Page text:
Friday, July 13, 2012

Conservative decries "the loathsome Romney candidacy"

As regular readers here know, I've been doing my best to chronicle the exodus of sane conservatives from the current Republican Party. Of all of them that I've presented here, the one I found today is by far the most profoundly explained.

It comes from someone named Scott Galupo who used to work for Speaker John Boehner. After a stint at conservative haven The Washington Times, he wrote for US News and World Report and now at The American Conservative.

Who would have thought that with a background like that he would have written an article titled The Loathsome Romney Candidacy: How Did We Get Here? I'm going to quote quite a bit of it because he really gets to the heart of the matter.
This is a milestone moment in American politics. “Fabulously wealthy” presidential candidates are more of a norm than an aberration — witness the Roosevelts, the Kennedys, the Bushes, Nelson Rockefeller, George Romney, Ross Perot. But to a man, each of them ran at least in part on the principle of noblesse oblige — the idea that the wealthy must make sacrifices for the common good (yes, even George W. Bush, who promised not to “balance the budget on the backs of the poor).

In contrast, Romney and his ilk are having none of this. They are trying to persuade voters — and for all we know may have persuaded themselves — that, in effect, “As Goes Bain Capital, So Goes America.”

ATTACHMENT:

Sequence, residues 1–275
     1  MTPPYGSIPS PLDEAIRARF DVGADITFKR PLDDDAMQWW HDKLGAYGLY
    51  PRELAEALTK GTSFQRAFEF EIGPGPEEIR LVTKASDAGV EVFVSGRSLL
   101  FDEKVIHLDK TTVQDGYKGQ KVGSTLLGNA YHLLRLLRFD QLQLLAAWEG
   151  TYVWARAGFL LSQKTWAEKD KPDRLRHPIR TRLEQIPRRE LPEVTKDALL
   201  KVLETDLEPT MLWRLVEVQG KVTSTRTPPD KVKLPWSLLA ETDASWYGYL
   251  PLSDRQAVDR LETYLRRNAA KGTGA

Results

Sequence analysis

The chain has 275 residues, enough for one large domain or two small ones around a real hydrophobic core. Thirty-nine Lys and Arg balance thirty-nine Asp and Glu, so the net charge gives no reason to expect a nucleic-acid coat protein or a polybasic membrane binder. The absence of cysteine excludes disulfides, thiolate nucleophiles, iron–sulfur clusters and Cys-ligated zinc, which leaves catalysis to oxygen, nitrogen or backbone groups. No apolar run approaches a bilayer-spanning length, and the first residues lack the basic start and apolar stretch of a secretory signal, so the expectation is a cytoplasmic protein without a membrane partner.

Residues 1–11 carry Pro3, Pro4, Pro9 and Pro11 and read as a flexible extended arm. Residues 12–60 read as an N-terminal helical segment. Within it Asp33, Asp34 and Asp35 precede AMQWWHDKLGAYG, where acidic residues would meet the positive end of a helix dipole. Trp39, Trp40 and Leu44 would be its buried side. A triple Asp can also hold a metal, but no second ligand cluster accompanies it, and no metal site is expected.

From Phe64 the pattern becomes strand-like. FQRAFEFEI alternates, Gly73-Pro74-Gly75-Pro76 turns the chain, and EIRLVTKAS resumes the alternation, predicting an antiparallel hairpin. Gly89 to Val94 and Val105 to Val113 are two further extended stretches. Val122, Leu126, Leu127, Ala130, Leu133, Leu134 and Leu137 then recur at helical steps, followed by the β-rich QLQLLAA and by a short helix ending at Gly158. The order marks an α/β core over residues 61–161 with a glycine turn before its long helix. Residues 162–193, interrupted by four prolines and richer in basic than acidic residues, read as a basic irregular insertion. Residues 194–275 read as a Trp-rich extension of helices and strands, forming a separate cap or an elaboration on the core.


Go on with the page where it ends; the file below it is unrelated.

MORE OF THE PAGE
I’ve thought a lot about this question over the last six months. How did this happen? How did we come to this pass, where a man like Mitt Romney — whose candidacy represents a breathtakingly cynical, borderline nihilistic pursuit of power on behalf of a tiny sliver of the population — sits within striking distance of the highest office in the land?...

The reality is, Romney slipped through — and there are troubling factors that buoy his campaign. The complete rejection of mainstream macroeconomic theory is one such factor. Cultural animus toward Obama is another. Liberals overstate its extent, but it’s undeniably real.

Most decisive is what I’ve been calling the theological fusion of social and economic conservatism. Too many evangelical Christians seem incapable of even questioning Mammon. Now they enthusiastically welcome the money changers into the temple. Like the Calvinists of old, they glorify market outcomes as a sign of divine favor. And the cliche “class warfare” has served as a handy tool to shut down any deviation from this new orthodoxy.

The prospect of a second Obama term doesn’t excite me. Nevertheless, my overriding hope is to see Mitt Romney spat out of the body politic, once and for all.
I'll forgive Galupo for not being excited about a second Obama term because he pretty much nails the rest of the argument.

As more and more sane Republicans like this stand up and speak out I begin to be able to envision the kind of political discourse President Obama has been working towards for a long time now.
Our goal should be to stick to our guns on those core values that make this country great, show a spirit of flexibility and sustained attention that can achieve those goals, and try to create the sort of serious, adult, consensus around our problems that can admit Democrats, Republicans and Independents of good will.


  1. Wow, he made my point from earlier, only better.

    1. That was my first thought when I read it (without the "only better" qualification).

  2. And, I'll point out, there is a great 19th century conservative critique of capitalism (generally in its industrial form) from which anyone interested in a better world can derive beneficial understanding. I can work with people like that.